Essentia director charged in Cloquet peeping incidentCARLTON — The director of Behavior Services for Essentia Health in Duluth is accused of wearing a black ski mask and a gun on his hip while peeking into the bedroom of a Cloquet girl near his home.
By: Mark Stodghill, Duluth News Tribune
CARLTON — The director of Behavior Services for Essentia Health in Duluth is accused of wearing a black ski mask and a gun on his hip while peeking into the bedroom of a Cloquet girl near his home.
Richard Allen Paul, 57, of Cloquet was charged Friday in Carlton County District Court with “interference with privacy.” The felony crime accuses Paul of intentionally intruding upon or interfering with the privacy of a member of a household and wrongfully interfering with the privacy of a member of the household.
Carlton County Attorney Thom Pertler, who charged the case, said the crime is a felony because the person whose privacy was violated is a minor.
Paul appeared in court wearing an orange Carlton County Jail jumpsuit and handcuffs. He is being represented by Superior defense attorney Stephen Zuber.
“I’m not at liberty at this juncture to discuss anything,” Zuber said after the hearing.
A spokeswoman at Essentia Health confirmed Paul’s position with the health-care provider. She said that Paul has been on leave since Monday, a day before the incident. And that he’s been in the position — in which he oversees all inpatient and outpatient behavior services — since 2002.
Sixth Judicial District Judge Robert Macaulay set bail at $25,000, but ordered that a probation officer study whether Paul qualifies for supervised release. The court ordered that the defendant have no contact with the alleged victim or victims, or any other minor children in the neighborhood.
The defendant has no prior criminal record, according to a probation officer, who addressed the court.
The owner of the home that Paul is accused of peeping into said he has been a neighbor of the defendant for about 12 years. He said the incident has been a “very traumatic experience for us.”
“My wife and I are very concerned for the safety of our family, especially our children,” said B.J. Berg, an elementary school principal. “The sanctity of our home and neighborhood has been violated. I know I can’t speak for anyone else, but I personally highly respected and trusted this individual. I viewed him as a model neighbor and someone I considered to be a friend.
“That’s no longer the case. I feel the media and especially the public need to be well informed about this individual and his actions on the night of June 14.”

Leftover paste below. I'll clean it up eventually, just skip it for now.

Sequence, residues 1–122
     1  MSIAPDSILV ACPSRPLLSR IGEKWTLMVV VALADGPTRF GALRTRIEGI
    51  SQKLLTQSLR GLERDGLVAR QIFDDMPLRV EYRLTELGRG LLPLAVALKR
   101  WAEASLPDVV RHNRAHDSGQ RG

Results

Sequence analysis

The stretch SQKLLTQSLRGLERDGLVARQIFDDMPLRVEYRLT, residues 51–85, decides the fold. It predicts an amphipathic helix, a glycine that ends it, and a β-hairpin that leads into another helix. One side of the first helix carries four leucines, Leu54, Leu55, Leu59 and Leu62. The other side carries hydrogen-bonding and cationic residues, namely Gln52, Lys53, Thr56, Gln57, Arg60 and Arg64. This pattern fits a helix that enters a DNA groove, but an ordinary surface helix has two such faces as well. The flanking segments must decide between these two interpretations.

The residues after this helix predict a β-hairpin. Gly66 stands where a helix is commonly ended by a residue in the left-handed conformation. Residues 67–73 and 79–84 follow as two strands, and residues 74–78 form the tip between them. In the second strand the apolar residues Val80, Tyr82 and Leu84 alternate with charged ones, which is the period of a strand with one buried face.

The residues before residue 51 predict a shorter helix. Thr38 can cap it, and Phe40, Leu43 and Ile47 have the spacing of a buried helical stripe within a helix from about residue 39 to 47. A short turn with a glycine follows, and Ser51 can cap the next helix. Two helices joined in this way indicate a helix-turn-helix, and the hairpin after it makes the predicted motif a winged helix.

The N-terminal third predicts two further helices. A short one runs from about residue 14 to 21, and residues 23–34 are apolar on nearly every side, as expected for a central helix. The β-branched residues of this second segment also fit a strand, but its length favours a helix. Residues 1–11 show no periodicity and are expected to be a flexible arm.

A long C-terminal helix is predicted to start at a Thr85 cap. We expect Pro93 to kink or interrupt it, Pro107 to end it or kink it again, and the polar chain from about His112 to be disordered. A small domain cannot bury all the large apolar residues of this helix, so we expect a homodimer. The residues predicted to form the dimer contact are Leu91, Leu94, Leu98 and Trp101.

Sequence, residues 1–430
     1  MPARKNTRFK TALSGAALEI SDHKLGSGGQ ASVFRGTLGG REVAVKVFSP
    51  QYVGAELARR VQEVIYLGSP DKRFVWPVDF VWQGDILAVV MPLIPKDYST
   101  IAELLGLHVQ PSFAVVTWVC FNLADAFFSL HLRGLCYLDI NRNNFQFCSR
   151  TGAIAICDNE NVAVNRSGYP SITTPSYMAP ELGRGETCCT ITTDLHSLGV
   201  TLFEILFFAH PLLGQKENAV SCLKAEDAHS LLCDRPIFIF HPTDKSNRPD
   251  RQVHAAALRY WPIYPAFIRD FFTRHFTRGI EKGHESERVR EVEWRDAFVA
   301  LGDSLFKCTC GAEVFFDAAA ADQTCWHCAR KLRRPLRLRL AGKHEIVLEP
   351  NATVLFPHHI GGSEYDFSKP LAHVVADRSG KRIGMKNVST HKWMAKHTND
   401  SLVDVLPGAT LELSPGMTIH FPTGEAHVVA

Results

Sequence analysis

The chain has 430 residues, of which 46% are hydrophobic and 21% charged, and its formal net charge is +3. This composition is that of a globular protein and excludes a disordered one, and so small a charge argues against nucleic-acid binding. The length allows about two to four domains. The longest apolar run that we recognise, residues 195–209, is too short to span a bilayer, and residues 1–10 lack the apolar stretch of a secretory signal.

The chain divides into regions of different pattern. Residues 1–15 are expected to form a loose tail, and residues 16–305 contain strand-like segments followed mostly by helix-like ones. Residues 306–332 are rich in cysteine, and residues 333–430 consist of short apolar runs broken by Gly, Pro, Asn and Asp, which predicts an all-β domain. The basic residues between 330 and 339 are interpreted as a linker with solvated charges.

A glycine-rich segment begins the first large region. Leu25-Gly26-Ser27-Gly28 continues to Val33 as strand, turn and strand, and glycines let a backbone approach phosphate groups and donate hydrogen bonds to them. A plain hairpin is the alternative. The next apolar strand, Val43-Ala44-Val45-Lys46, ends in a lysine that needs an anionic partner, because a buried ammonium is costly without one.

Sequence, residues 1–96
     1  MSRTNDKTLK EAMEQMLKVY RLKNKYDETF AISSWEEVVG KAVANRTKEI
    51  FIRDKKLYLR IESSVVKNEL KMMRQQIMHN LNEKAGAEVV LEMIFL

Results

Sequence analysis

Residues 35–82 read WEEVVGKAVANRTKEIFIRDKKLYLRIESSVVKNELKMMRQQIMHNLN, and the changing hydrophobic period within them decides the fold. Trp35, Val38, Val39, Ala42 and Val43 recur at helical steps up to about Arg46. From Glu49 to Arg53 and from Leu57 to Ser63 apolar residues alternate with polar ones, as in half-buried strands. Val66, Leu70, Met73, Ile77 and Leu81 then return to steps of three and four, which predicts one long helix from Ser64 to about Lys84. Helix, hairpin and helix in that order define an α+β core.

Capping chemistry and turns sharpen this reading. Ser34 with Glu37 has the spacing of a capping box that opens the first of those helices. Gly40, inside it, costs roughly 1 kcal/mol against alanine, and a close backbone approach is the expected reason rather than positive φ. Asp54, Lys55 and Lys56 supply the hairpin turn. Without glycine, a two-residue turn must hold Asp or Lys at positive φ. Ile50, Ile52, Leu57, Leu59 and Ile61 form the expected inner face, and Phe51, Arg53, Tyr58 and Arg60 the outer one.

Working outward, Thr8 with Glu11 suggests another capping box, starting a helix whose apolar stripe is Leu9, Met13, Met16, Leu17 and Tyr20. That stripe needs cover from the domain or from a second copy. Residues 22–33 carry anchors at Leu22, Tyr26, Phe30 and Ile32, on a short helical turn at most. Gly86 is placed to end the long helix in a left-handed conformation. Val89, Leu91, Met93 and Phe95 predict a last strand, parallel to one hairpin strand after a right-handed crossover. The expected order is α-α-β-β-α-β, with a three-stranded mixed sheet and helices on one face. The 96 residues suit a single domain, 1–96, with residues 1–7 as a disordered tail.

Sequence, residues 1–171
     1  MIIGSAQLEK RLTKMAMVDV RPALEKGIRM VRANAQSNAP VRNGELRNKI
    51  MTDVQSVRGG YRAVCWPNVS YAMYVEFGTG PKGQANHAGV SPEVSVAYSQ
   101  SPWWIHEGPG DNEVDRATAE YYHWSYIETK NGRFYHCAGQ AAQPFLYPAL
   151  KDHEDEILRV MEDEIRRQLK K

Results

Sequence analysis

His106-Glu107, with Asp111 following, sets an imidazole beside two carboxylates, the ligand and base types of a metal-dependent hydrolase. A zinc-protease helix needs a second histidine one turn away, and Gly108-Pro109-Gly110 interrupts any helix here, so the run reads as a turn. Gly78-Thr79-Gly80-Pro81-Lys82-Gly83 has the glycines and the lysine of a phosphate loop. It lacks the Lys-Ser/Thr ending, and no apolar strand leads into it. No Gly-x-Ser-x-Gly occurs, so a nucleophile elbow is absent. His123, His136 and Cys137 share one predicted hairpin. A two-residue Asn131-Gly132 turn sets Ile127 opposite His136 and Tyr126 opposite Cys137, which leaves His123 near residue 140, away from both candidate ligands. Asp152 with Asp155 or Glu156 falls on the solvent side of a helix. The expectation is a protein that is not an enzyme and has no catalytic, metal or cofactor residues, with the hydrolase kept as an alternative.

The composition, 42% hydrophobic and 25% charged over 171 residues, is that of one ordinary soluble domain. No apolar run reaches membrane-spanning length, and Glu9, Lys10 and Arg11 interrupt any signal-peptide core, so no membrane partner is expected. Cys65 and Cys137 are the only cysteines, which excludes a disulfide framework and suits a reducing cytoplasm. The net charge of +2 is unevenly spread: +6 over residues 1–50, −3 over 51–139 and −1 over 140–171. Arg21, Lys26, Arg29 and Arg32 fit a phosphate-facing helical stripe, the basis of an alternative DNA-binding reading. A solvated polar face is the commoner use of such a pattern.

According to the criminal complaint:
Berg went outside his home about 11:30 p.m. that night to turn off his lawn sprinkler. He saw a man wearing a black ski mask, tan shirt and jeans peering into a minor daughter’s bedroom window. He said the man immediately began to walk away. Berg asked him what he was doing.
The man said something about trying to find his dogs. Berg told him “Not at my daughter’s window you’re not” and told him to get off his property.
Berg got into his vehicle and followed him as he waited for police to arrive. When they approached Paul’s address at 736 Hantz Road, the man took off his ski mask and Berg immediately recognized him as Paul. Cloquet police arrived and knocked on Paul’s door. He refused to answer it, the complaint alleges. The officers began to prepare a search warrant, but were eventually able to get the defendant to come to the door.
Police said that Paul told them he had merely been looking for his dogs. He denied wearing a ski mask, but admitted he had a firearm on his hip at the time he was at the alleged victims’ home.
Cloquet detectives found a loaded handgun under Paul’s bed. They also located the boots, jeans, shirt and ski mask he was described to have been wearing. They also found night vision goggles.
The Bergs said they had seen Paul when they were coming home from a family event about 10:30 that night, but he didn’t have his dogs with him. They had a brief conversation in which the defendant said he was merely getting some exercise. They thought that was unusual because Paul usually had his dogs with him when walking on Hantz Road.
Two girls in the home had been sleeping in the same bedroom because one of the girls had been having problems sleeping after hearing strange noises outside her window for the past month and she was afraid to sleep in the room by herself.
According to the “Governing Council Biographies for Section for Psychiatric and Substance Abuse Services” posted on an American Hospital Association website, before joining Essentia, Paul was managing partner in psychiatry for MeritCare Health System in Fargo, and director of behavioral health services at Allina Health System United Hospital in St. Paul.
Paul’s neighbor Richard Hantz, who has lived on Hantz Road for 60 years, said since Paul has lived across the street, Hantz has never seen him do anything out of the ordinary.
“What I do know of him is he was a heck of a nice guy,” Hantz said. “When my daughter was going to college, he offered to try to get her a job at St. Mary’s. As far as I know he never bothered anybody. He’s a very friendly fellow.”